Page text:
Emotions in Art


Willow Fronds in Spring

Weeping Willow Fronds in Spring

www.melissabluefineartandgardendesign.com

I’ve been reading the latest Louise Penny book, which always give me artistic pause.  Her mysteries often have art woven into the story, with the characters pondering the deep, dark meaning behind the creation of art.  Hmmm.  In this one, she has a character stating that a good piece of art begins “with a lump in the throat”, and involves destruction before creation.  There is probably a lot of truth to that,  although I have seen paintings on exhibit that probably were cathartic to make but more properly belonged in the studio or the therapist’s office than on display.

For the most part, when I paint, the love and joy I wish to share is the starting point, and beyond that I am reaching for beauty and to avoid trite.  Sure, anyone paying attention must be feeling dismay at things like California running out of water, or escalating hatreds leaping up in the world like wildfire.  And yes, I could paint that but I choose to look for the beauty that is here.  I guess I feel that whatever we turn our attention to will expand, so I choose beauty and love, not out of a polyanna wish that bad things would go away, but because they exist.  It is my reply, if you will.

What about you?  What do you look for in a piece of art?  Often what I see actually sell at galleries is nothing more than washes of color, and I wonder what that means.  Are people exhausted, and simply wanting the equivalent of white noise on their walls?  I think this may be the case.  We are asked to understand so much, these days.

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12 thoughts on “Emotions in Art

  1. Jim in IA says:

    You ask some good questions. They make one think about choices. Art that attracts me is almost always making a positive statement about the world. That’s how I see things. We humans have such enormous potential for good and bad. I am drawn to those works that reach deep and strike a chord or touch a memory I cherish.

    There are important and valuable art works that point out the negative side of humanity. They are reminders to me of the ways we should strive to avoid. I just don’t feel the need to seek out those works.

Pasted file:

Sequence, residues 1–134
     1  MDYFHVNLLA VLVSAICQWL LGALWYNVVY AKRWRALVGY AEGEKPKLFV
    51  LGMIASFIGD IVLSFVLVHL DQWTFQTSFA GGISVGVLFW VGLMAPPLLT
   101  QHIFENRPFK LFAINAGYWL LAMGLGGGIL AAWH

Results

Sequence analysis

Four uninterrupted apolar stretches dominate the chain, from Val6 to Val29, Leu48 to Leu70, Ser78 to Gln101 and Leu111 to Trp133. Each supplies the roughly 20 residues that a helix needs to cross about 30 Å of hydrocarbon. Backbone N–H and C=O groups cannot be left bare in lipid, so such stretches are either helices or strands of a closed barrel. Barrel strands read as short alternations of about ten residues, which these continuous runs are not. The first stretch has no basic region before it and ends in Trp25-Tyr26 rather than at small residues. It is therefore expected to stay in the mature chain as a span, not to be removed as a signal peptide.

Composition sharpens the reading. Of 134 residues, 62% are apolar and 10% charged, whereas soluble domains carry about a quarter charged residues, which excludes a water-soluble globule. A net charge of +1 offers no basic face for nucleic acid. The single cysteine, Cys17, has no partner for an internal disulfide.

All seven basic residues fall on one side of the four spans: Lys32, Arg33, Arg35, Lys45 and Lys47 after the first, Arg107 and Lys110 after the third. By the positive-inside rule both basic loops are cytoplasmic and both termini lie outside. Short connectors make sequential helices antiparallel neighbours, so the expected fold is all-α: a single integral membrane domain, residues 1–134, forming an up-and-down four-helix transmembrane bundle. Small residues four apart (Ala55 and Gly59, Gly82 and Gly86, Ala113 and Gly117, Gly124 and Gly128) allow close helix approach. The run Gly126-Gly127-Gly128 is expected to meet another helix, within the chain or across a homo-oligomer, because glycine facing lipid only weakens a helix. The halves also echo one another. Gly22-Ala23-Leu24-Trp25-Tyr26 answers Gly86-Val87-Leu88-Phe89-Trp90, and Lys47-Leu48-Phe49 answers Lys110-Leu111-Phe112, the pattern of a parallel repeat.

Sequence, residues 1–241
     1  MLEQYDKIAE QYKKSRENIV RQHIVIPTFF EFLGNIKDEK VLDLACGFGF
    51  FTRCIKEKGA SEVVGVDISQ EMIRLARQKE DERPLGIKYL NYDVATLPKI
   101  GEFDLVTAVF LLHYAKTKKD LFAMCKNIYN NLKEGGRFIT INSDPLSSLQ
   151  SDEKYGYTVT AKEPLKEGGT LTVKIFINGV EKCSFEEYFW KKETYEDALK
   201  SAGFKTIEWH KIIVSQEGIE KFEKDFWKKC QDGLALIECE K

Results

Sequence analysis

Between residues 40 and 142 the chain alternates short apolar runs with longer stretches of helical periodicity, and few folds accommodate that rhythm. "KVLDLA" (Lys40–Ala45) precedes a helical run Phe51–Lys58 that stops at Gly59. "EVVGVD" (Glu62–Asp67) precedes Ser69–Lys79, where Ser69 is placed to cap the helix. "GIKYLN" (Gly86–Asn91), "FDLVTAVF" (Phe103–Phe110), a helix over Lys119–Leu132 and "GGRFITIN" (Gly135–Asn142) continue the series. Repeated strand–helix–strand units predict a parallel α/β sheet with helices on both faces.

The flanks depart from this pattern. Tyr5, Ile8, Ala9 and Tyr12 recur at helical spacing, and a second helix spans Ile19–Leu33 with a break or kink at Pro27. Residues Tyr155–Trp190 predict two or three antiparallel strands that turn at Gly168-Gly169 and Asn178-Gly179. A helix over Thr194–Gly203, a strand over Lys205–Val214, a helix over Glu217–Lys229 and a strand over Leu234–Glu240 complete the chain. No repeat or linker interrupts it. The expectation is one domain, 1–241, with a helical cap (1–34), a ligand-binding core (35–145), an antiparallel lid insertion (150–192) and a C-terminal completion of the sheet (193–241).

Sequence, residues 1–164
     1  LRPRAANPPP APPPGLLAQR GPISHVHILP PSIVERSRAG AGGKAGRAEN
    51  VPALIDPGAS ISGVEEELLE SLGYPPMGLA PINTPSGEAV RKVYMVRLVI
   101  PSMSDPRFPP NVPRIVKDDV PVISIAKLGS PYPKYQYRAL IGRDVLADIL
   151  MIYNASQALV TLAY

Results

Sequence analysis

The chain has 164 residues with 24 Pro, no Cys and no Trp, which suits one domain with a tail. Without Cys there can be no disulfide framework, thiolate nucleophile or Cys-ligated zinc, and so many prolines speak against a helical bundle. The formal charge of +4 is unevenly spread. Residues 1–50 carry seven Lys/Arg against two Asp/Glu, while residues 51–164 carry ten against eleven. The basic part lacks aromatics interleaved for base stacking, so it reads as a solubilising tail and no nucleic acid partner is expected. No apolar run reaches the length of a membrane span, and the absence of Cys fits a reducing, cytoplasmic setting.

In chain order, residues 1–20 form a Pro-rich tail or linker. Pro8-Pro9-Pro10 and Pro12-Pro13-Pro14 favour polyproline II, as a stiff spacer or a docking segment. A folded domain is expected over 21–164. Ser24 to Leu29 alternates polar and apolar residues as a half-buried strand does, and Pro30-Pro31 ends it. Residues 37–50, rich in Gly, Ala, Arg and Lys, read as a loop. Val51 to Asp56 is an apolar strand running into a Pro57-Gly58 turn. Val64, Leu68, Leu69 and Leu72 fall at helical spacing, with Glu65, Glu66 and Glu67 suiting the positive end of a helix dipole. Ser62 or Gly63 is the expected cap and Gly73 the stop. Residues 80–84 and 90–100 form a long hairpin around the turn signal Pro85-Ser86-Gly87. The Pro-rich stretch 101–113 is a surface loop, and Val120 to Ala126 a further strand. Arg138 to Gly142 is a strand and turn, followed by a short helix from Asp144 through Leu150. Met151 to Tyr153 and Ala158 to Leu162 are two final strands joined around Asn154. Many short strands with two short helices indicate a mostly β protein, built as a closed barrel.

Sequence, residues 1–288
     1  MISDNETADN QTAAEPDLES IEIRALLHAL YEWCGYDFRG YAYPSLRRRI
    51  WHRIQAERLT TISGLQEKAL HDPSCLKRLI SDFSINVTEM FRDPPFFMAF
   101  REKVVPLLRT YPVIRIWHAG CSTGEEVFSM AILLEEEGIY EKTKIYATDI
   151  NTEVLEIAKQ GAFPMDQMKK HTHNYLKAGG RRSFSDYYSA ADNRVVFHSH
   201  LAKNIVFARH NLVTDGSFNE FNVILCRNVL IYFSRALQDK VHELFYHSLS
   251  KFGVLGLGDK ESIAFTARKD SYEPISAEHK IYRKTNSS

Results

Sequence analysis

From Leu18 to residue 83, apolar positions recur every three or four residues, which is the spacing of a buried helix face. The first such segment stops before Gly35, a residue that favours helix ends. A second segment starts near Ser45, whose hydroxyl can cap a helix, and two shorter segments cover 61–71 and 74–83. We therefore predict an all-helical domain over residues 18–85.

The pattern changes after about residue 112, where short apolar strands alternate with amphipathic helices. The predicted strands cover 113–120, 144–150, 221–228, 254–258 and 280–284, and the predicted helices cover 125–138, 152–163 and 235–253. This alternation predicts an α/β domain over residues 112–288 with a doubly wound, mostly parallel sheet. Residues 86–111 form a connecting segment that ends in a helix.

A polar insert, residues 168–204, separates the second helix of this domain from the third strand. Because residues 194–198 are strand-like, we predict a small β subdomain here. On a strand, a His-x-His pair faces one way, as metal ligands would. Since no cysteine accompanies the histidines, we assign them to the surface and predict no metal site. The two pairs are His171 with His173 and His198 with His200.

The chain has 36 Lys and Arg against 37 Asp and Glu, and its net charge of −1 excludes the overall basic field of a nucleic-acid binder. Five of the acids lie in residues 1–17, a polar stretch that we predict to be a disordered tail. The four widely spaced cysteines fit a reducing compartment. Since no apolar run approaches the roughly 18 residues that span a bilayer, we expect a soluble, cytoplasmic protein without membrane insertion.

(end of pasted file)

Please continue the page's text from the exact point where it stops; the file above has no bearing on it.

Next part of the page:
We’ve watched a lot of programs on PBS about art and craft and the people who create it. It is always interesting to see what motivates them. I never done much of anything artistic. About ten years ago, I decided to learn to play guitar and play the blues. It’s become a very satisfying act to turn on some music each day and play with it. It expresses deep feelings. I think that is what art does for the artist.

    • Well said, Jim. You have exactly expressed the other side of what I was thinking. Being able to play along with the blues~ yes, I think that must be very satisfying.

    • Oh my gosh, Jim, this was fantastic!!! THank you for sending me this inspiring link. I have resolved anew to do just what he is doing~ focus on my own thing, the thing that moves me, and forget worrying about trying to please the masses. I just got downsized from the gallery that was carrying me in Chicago. The owner and I are very fond of each other, and she always said she would never carry abstract art because it is so empty. But she has to stay alive, and it is abstract that sells so now that is what is in her gallery. Bringing my paintings home was the best thing that could have happened for me, I think. It woke me up. We had a tearful parting, and I came away more determined than ever to trust my own vision. Just like this amazing guy in the waves!

      • Jim in IA says: